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Is It Even Possible to Define What Art Is, Exactly?

https://www.thoughtco.com/what-is-the-definition-of-art-182707

thoughtco.com

Is It Even Possible to Define What Art Is, Exactly?
There are many things that contribute to the definition of art. Explore the history, philosophy, value, and meaning of visual art.

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Defining Art

Defining Art
  • Art does not have a universal definition, though it is generally believed that it is an intentional and conscious creation of something that requires imagination and skill.
  • It can be thought of as a symbol of what it means to be human, manifested in physical form for others to see and interpret.
  • The word ‘art’ originates from the Latin word ‘ars’ that means skill or craft.
  • Art, like beauty, is subjective, and its valuation and definition changes as time goes by.
  • To understand art one has to see it’s essential nature and the social impact or importance it generates.

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Defining Art Through History

  • From the 11th century until the end of the 17th century, the definition of art was anything that was done with expertise, with the result of knowledge and practice.
  • The Romantic period of the 18th century, beauty became the main criteria for defining good art. Nature, spirituality and free expression were sought after and well received.
  • The 19th Century started the Avant-garde art movement, with art becoming real, modern, futuristic and surreal. Whatever the definitions, the originality of art stands out as a time-tested measure, with new genres and manifestations like performance art, digital art, and electronic art.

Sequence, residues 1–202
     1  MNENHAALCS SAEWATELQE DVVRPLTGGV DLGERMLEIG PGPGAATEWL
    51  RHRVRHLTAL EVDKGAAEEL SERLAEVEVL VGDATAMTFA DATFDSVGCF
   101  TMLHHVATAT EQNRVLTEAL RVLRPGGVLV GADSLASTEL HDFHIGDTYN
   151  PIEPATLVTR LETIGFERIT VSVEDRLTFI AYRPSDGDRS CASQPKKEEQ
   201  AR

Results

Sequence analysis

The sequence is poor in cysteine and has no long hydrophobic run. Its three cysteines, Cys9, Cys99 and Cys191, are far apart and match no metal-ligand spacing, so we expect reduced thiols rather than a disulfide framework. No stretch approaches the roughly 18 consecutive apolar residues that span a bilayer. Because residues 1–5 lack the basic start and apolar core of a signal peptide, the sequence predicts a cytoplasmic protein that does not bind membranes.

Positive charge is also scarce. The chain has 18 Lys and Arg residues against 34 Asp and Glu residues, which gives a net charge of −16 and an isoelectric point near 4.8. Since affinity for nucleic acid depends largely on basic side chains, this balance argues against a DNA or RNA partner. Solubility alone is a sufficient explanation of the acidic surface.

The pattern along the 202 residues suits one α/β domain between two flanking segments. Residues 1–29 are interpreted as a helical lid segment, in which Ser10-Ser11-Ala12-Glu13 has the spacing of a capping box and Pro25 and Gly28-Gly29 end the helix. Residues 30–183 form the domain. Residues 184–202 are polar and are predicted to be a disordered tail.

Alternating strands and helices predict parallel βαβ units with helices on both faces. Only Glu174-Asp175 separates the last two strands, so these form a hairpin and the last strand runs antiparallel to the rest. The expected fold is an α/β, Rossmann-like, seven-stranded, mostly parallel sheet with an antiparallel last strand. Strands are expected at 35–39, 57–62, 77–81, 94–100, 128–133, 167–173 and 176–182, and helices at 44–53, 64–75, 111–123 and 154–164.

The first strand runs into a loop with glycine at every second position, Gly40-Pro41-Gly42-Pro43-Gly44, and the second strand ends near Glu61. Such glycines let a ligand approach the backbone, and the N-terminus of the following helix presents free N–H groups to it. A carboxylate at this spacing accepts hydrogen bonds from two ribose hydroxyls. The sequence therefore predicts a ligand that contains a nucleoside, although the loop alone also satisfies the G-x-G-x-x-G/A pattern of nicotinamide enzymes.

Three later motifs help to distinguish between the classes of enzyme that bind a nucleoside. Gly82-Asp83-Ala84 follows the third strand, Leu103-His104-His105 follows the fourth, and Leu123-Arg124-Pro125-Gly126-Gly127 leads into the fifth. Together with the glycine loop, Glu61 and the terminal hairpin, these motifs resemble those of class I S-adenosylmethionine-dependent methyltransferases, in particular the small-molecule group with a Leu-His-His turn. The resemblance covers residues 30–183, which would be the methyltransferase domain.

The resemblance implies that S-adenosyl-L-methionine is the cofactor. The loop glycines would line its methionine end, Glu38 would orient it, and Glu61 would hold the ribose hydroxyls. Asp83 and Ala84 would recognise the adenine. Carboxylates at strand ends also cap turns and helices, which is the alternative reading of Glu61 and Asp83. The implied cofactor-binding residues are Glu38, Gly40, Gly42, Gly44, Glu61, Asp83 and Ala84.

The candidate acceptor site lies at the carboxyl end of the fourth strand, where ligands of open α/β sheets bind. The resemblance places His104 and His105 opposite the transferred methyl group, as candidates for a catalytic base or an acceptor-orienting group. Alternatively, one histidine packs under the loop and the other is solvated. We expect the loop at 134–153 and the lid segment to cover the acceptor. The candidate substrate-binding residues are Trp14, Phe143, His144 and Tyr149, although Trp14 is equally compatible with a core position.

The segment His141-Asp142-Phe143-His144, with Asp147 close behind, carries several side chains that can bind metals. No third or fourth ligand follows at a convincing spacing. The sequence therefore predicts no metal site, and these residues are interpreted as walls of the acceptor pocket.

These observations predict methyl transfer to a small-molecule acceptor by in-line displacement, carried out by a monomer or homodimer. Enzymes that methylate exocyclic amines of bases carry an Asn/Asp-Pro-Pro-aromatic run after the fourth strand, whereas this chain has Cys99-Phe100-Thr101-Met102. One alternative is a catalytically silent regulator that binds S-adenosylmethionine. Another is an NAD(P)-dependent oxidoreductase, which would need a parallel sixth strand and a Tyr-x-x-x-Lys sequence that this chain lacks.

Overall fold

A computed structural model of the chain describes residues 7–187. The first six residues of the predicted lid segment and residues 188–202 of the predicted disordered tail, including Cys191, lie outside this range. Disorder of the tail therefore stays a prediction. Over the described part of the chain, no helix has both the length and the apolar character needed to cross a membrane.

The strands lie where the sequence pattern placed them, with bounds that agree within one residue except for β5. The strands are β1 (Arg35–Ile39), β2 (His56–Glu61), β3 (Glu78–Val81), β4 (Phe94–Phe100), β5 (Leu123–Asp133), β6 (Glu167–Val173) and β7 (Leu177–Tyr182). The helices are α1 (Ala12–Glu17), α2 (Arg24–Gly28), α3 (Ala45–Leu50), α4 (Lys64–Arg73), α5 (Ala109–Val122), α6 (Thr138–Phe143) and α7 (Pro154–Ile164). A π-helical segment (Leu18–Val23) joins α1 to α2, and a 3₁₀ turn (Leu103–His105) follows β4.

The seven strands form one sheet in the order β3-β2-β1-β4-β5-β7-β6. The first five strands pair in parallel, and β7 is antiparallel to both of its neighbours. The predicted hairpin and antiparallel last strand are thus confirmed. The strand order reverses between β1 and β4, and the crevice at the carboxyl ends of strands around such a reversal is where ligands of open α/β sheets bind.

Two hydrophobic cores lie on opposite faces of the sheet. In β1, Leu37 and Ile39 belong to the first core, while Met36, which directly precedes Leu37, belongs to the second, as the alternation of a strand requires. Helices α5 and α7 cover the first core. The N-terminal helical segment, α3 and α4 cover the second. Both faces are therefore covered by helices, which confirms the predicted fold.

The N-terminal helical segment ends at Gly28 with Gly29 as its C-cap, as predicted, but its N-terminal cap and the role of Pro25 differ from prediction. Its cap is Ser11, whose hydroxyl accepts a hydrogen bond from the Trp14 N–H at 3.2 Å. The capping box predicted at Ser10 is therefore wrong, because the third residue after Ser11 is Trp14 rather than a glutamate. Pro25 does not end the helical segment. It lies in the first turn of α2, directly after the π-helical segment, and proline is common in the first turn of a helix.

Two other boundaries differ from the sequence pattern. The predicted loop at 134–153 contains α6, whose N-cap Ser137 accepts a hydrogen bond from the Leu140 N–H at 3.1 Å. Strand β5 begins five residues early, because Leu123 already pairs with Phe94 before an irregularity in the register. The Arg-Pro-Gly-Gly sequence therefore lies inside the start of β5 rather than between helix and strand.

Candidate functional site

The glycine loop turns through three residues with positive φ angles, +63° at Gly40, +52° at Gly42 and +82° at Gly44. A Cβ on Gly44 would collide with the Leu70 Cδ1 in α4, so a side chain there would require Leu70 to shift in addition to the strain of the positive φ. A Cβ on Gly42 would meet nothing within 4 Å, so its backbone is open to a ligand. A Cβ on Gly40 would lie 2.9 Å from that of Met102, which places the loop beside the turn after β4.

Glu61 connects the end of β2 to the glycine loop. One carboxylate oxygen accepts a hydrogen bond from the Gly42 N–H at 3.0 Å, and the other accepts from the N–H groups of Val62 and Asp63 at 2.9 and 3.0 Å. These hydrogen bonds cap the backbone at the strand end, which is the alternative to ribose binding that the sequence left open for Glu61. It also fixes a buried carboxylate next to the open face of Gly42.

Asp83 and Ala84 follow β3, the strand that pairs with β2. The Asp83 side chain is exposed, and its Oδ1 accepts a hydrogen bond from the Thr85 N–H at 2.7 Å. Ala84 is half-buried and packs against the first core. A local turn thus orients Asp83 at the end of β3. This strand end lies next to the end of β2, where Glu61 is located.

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Philosophy of Art

  • Art as Representation or Mimesis. Representation of art as an imitation or copying became the mainstream meaning of art in Greece. Plato first developed the idea of art as “mimesis,” which, in Greek, means copying or imitation. How immaculately it replicated the original subject became the measure of its value.
  • Art as Expression of Emotional content. Dramatic, sublime and heartfelt art becomes a way to express oneself during the Romantic movement , with audience response becoming key to the valuation of the content. The emotions that were felt when the art was witnessed became its barometer for success.
  • Art as Form. Formal qualities of art became influential in the 18th century, with the principles of art and design, like balance, rhythm, harmony and unity became as important as the content of the work of art.

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Thomas Merton

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Edgar Degas

"Art is not what you see, but what you make others see."

Edgar Degas

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Jean Sibelius

"Art is the signature of civilizations."

Jean Sibelius

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